Fabricating Women: The Seamstresses of Old Regime France

TitleFabricating Women: The Seamstresses of Old Regime France
Publication TypeBook
Year of Publication2001
AuthorsCrowston, Clare Haru
Number of Pages528
PublisherDuke University Press
CityDurham, NC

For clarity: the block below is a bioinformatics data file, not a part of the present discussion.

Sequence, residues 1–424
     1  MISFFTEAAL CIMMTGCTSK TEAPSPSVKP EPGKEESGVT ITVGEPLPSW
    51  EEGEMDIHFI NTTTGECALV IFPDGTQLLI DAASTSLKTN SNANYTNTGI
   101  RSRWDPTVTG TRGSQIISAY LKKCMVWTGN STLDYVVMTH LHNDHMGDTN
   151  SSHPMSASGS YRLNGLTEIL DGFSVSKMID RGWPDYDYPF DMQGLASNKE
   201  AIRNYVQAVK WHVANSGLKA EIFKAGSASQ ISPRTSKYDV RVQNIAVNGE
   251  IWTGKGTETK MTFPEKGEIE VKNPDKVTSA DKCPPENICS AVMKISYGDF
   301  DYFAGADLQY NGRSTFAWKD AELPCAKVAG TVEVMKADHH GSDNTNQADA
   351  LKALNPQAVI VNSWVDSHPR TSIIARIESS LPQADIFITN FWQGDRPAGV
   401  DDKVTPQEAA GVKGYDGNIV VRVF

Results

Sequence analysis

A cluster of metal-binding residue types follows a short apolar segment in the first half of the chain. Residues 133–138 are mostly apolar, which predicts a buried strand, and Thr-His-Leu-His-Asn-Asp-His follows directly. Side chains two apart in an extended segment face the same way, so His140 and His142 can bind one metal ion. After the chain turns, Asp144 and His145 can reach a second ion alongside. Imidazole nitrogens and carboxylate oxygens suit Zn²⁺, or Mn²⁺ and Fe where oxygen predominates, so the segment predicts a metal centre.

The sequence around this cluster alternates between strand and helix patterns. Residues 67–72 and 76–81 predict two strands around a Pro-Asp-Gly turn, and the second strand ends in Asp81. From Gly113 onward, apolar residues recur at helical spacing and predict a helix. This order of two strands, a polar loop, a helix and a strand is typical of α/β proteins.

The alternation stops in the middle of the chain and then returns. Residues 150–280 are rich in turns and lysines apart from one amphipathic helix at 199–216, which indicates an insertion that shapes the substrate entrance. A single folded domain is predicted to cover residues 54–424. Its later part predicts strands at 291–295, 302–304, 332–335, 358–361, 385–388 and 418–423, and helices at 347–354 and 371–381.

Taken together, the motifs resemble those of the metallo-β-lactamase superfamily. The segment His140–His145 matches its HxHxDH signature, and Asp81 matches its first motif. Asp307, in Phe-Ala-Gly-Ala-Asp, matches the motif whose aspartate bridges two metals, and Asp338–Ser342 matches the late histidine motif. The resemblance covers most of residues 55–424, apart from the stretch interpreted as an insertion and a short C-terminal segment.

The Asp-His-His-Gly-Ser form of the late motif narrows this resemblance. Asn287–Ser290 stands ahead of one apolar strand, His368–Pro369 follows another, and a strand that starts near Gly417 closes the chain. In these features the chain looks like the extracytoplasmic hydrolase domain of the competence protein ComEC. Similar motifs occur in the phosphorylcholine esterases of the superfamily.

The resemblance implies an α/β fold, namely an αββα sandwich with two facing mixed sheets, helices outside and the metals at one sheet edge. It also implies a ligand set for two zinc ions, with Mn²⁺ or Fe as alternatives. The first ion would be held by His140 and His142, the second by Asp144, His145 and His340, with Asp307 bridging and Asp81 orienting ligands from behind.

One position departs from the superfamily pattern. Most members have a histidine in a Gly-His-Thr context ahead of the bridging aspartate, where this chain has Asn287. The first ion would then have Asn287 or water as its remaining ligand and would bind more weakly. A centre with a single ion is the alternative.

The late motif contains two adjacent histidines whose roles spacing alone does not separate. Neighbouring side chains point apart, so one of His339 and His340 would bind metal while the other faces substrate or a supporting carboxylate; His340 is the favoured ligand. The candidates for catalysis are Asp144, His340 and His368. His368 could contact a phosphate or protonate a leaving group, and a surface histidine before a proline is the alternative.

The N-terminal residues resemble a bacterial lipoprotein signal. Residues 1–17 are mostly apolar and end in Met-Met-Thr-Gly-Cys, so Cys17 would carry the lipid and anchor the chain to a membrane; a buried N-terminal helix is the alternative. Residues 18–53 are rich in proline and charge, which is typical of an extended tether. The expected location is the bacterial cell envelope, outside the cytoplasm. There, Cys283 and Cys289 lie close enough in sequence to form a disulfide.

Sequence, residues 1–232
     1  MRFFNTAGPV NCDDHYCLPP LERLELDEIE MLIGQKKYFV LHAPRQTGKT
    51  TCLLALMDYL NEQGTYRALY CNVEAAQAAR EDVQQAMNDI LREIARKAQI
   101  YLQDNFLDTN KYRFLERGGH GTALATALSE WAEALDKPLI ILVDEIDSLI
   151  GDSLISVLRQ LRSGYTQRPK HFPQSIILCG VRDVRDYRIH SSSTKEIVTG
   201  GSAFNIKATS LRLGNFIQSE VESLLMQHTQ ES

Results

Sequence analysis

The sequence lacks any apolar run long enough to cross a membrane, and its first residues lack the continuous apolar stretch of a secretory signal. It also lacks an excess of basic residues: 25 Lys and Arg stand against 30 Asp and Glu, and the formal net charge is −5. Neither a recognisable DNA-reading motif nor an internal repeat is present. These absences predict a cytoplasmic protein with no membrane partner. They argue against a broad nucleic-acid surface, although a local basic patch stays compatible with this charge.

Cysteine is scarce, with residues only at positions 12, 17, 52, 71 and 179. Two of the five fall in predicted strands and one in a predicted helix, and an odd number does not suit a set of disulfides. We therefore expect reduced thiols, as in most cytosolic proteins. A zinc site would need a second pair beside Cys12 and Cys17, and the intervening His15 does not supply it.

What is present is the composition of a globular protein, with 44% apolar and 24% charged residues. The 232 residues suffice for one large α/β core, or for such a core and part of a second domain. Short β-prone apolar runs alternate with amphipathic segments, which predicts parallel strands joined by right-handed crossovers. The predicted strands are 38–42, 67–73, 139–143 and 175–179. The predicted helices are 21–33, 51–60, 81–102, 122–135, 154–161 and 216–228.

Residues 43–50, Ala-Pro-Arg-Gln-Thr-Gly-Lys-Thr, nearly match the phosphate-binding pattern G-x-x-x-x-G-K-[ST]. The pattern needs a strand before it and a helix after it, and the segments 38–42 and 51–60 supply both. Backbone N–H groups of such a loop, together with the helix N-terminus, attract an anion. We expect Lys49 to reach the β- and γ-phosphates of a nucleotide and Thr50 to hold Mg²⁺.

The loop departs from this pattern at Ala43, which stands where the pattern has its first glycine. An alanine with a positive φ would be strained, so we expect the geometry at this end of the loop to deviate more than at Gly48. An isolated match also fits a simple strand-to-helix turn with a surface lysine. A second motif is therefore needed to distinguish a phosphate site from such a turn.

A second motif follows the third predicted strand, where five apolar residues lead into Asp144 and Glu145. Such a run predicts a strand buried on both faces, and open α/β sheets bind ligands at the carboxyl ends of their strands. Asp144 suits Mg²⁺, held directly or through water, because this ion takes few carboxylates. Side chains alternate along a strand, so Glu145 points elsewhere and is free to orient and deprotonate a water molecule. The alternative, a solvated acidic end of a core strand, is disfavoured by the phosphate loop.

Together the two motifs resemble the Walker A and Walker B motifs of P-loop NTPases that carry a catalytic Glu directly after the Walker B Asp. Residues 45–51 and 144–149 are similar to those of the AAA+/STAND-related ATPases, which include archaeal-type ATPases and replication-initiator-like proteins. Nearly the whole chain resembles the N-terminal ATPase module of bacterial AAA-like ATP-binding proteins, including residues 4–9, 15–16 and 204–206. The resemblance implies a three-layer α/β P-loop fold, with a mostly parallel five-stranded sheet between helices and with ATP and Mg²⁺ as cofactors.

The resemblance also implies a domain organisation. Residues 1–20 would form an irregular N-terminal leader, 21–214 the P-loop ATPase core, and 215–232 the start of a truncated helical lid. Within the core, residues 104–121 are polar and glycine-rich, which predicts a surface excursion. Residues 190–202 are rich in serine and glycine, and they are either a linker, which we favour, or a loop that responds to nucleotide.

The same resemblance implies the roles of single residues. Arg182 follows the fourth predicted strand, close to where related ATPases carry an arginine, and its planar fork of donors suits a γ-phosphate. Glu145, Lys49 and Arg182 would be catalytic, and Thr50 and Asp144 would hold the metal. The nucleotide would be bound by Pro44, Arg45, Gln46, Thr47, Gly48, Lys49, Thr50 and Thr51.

Fabricating Women examines the social institution of the seamstresses’ guild in France from the time of Louis XIV to the Revolution. Clare Haru Crowston asserts that the rise of the absolute state, with its centralizing and unifying tendencies, could actually increase women’s economic, social, and legal opportunities and allow them to thrive in corporate organizations such as the guild. Yet Crowston also reveals paradoxical consequences of the guild’s success, such as how its growing membership and visibility ultimately fostered an essentialized femininity that was tied to fashion and appearances. Crowston also investigates the techniques the seamstresses used to make and sell clothing, how the garments reflected and shaped modern conceptions of femininity, and guild officials’ interactions with royal and municipal authorities. Although clothing lay at the heart of French economic production, social distinction, and cultural identity, this is the first book to investigate this immense and archetypal female guild in depth.

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